MS drug linked to rare brain infection

August 6, 2015

FDA is warning that a case of definite progressive multifocal leukoencephalopathy (PML) and a case of probable PML have been reported in patients taking Gilenya (fingolimod) for multiple sclerosis (MS).

FDA is warning that a case of definite progressive multifocal leukoencephalopathy (PML) and a case of probable PML have been reported in patients taking Gilenya (fingolimod) for multiple sclerosis (MS).

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Gilenya, manufactured by Novartis, is an immunomodulator shown to benefit patients with relapsing forms of MS. This type of MS causes attacks or relapses, which are periods of time when symptoms get worse.

Because these are the first cases of PML reported in patients taking Gilenya who had not been previously treated with an immunosuppressant drug for MS or any other medical condition, information about these recent cases is being added to the drug label.

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“Patients taking Gilenya should contact their health care professionals right away if they experience symptoms such as new or worsening weakness; increased trouble using their arms or legs; or changes in thinking, eyesight, strength, or balance,” FDA said in its Drug Safety Communication.

While patients should not stop taking Gilenya without first discussing it with their healthcare professionals, physicians should stop Gilenya and perform a diagnostic evaluation if PML is suspected.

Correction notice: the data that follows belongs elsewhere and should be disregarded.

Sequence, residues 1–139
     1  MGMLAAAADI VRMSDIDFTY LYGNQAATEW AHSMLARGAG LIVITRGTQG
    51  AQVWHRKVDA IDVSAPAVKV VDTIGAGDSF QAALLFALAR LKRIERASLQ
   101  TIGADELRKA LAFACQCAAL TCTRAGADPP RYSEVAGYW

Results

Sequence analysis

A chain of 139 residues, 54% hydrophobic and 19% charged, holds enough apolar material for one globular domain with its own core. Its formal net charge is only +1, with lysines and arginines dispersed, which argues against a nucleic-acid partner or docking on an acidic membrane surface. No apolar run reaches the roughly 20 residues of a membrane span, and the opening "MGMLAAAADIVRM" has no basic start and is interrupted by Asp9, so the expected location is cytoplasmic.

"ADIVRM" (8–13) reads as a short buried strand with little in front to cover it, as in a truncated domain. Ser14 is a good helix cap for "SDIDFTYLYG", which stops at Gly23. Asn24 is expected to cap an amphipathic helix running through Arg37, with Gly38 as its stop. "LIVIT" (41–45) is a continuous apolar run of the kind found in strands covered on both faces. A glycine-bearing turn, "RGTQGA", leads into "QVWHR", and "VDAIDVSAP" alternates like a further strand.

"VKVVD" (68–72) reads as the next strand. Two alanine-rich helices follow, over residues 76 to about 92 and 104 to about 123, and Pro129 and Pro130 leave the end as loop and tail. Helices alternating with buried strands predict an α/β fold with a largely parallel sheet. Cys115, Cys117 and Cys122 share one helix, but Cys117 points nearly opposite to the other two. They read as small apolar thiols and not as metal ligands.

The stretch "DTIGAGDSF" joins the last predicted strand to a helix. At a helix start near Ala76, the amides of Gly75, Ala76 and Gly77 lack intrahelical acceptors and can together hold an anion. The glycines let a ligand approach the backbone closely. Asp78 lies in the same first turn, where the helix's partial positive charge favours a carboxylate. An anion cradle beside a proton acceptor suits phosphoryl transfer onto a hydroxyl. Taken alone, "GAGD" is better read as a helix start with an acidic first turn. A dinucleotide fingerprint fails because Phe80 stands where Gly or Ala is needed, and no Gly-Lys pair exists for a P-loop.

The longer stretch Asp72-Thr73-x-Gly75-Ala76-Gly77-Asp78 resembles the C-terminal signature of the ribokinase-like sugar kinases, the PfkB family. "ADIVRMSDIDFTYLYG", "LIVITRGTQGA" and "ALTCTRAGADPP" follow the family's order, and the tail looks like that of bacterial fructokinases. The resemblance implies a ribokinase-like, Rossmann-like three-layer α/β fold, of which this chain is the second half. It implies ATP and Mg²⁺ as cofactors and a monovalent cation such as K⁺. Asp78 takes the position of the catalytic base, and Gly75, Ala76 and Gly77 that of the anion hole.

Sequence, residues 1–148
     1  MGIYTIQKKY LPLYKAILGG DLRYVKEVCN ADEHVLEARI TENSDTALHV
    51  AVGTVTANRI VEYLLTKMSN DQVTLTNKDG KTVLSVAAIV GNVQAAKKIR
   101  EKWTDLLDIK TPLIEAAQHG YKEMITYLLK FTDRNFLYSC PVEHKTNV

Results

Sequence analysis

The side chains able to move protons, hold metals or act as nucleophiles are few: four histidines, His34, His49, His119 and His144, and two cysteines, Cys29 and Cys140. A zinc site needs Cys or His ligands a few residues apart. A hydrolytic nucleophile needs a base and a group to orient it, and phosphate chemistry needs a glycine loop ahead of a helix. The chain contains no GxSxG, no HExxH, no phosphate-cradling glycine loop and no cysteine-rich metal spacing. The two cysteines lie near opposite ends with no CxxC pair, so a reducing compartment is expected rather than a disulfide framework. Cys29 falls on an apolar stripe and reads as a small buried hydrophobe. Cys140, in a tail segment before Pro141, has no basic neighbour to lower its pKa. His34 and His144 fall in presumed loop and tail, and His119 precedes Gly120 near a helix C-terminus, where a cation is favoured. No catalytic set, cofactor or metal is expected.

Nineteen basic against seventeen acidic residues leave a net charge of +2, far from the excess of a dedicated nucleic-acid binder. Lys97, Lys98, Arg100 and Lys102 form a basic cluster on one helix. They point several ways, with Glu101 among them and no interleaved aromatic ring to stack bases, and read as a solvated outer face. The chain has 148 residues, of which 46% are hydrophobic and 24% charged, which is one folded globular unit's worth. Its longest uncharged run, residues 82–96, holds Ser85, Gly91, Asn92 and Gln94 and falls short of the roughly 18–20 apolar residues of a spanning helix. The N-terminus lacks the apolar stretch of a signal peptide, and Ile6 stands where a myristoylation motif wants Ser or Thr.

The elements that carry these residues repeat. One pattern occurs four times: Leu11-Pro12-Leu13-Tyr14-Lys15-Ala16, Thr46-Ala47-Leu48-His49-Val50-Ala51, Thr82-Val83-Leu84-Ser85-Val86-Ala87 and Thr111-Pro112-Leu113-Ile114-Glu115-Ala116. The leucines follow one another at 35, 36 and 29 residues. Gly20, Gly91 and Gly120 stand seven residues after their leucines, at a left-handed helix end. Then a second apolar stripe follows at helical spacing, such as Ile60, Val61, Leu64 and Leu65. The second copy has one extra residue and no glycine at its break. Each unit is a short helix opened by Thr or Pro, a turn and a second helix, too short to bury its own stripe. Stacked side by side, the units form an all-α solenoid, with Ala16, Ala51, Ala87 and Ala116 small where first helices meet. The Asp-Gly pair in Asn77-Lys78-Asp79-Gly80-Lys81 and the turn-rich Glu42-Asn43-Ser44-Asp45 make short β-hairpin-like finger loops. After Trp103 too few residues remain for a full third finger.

PML is a rare and serious brain infection caused by the John Cunningham (JC) virus. The JC virus is a common virus that is harmless in most people but can cause PML in some patients who have weakened immune systems, including those taking immunosuppressant drugs. Symptoms of PML are diverse and may include progressive weakness on one side of the body; clumsiness; vision problems; confusion, and changes in thinking, personality, memory and orientation.

In an August, 2013, Drug Safety Communication, the FDA reported that a patient developed PML after taking Gilenya. However, PML could not be conclusively linked to Gilenya in this case because, prior to Gilenya treatment, the patient had been treated with an immunosuppressant drug that can cause PML. In addition, during Gilenya treatment the patient had received multiple courses of intravenous corticosteroids, which can weaken the immune system.

Novartis recently notified the FDA about one patient with PML and one patient with probable PML that occurred during Gilenya treatment – without prior or concurrent exposure to other immunosuppressant drugs. The patient with probable PML did not have clinical signs or symptoms suggestive of PM.

Healthcare professionals and patients can report side effects involving Gilenya to the FDA MedWatch program by completing the form online or by calling (800) 332-1088 to request a reporting form.

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